Here is why Mazda’s rotary engines could become the engine of the future

Daniel · Aug 29, 2020 11:00 AM

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The Wankel rotary engine remains as one of the most mysterious creations of the automotive industry. Not that we don’t know how it works, is just that enthusiasts just can’t stop talking about it.

No, Mazda RX-7 owners, your engines burn more oil than a flaming oil rig and keeps needing a rebuild. Stop wishing it back! And no, you don’t need to tell me how a rotary works.

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Even so, the rumour mill of a new rotary renaissance has never stopped spinning since the demise of the RX-8. Every other year there will be some “insider information” about Mazda working on a near-mythical RX-9.

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Albert Einstein likely never said “Insanity is doing the same thing over and over again and expecting different results”, but Mazda should be wary of putting its chips on an engine that nearly killed the company during the 1970’s oil crisis.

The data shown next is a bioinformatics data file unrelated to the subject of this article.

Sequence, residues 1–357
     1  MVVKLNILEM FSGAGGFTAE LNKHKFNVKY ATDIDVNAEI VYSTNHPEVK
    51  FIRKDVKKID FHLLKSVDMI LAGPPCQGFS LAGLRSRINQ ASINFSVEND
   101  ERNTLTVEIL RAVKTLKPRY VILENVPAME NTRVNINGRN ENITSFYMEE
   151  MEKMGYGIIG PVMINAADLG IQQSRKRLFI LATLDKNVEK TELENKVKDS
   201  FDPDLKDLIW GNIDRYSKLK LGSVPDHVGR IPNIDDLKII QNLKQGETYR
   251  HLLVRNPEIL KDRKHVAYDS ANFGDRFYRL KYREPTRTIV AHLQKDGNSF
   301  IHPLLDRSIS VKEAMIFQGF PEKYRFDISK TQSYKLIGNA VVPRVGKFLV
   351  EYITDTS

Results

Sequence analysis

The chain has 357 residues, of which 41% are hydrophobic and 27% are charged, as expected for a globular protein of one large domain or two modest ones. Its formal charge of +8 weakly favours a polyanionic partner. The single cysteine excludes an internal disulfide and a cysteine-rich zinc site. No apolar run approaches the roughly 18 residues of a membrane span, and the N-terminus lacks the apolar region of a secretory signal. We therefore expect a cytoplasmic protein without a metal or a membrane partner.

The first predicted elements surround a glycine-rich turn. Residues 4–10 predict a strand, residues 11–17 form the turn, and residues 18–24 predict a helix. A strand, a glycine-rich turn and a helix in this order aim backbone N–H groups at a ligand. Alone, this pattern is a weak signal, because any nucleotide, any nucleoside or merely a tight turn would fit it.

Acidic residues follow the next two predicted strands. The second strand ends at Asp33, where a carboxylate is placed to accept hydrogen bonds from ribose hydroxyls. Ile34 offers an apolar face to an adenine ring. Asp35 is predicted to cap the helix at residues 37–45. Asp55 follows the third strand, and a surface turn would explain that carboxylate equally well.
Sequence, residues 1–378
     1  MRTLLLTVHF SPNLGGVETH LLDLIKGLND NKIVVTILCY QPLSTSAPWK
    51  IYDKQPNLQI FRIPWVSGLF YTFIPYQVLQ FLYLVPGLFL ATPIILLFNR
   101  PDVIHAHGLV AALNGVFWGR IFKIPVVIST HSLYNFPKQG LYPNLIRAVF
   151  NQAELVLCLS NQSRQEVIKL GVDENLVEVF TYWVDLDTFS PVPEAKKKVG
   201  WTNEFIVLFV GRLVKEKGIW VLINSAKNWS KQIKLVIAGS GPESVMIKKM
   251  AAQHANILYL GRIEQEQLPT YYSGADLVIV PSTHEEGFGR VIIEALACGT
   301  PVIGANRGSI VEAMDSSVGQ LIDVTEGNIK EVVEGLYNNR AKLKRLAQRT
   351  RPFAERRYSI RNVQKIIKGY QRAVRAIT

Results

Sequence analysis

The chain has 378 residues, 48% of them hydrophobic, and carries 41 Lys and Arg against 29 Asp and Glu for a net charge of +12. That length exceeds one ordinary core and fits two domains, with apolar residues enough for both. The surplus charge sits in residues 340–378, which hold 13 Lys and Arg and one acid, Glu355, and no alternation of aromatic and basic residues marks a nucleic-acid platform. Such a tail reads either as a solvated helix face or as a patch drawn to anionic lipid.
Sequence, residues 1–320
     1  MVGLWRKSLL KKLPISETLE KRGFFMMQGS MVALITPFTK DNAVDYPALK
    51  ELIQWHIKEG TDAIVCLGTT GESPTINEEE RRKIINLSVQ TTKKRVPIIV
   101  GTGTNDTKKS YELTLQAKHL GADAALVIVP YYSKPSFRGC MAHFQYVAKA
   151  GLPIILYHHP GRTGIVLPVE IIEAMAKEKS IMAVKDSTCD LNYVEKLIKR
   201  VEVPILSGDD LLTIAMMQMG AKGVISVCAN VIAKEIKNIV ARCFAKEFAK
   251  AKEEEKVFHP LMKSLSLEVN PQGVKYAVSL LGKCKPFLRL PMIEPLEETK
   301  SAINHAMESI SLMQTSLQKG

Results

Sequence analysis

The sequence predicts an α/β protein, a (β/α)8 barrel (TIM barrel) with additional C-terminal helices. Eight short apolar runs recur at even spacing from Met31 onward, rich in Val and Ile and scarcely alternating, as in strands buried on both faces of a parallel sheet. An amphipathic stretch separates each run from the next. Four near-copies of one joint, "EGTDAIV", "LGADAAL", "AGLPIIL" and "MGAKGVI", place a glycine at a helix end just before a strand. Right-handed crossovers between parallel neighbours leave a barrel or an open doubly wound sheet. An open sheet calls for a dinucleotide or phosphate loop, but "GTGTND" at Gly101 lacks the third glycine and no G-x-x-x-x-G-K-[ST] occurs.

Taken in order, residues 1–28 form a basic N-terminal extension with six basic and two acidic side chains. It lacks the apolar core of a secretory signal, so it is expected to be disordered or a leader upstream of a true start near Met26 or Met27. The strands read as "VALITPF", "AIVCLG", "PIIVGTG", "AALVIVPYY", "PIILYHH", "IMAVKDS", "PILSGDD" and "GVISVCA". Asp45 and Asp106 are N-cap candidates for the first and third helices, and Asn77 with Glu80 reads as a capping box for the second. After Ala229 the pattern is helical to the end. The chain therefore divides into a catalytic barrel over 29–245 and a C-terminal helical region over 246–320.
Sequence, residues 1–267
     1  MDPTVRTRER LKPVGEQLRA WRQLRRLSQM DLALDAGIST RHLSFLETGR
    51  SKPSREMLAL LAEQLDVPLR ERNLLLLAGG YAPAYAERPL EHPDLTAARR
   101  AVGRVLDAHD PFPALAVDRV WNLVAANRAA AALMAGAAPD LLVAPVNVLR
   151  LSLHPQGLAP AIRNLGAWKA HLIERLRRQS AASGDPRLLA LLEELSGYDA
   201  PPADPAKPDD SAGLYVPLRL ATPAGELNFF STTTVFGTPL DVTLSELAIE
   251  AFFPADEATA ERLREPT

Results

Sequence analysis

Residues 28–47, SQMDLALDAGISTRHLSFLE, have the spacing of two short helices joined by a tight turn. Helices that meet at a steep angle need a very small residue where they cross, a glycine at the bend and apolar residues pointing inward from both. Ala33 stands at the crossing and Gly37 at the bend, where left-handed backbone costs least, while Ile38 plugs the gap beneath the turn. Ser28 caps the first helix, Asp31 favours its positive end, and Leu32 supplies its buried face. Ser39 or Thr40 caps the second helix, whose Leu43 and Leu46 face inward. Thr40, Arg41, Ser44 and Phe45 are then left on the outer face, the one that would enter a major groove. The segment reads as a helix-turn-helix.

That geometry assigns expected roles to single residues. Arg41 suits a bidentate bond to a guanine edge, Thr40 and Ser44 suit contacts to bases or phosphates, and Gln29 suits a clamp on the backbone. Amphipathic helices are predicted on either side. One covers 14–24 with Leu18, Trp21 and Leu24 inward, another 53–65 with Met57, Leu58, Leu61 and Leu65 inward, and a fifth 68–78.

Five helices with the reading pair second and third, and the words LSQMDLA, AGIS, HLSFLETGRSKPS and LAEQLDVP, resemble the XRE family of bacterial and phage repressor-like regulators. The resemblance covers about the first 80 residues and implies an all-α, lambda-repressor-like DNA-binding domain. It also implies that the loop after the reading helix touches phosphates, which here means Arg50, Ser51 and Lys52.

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Thankfully, Mazda's engineers know better and have since experimented with turning the rotary engine into an electric generator. After years of working on that concept, Mazda has confirmed that the rotary will be returning as a range-extender on its all-electric MX-30.

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We all know that electric cars are inevitable thanks to all the emission regulations squeezing the life out of conventional internal combustion engines. And while not everyone can afford the high price of an electric car with its expensive batteries, a range-extender equipped electric car (REEV) serves as a more plausible alternative. 

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Carmakers like Mazda can reduce the cost of its electric vehicles by loading it up with smaller batteries. Its range will be shorter, but a range-extender engine can compensate for that shortfall with minimal cost and weight penalties than putting in a whacking big battery.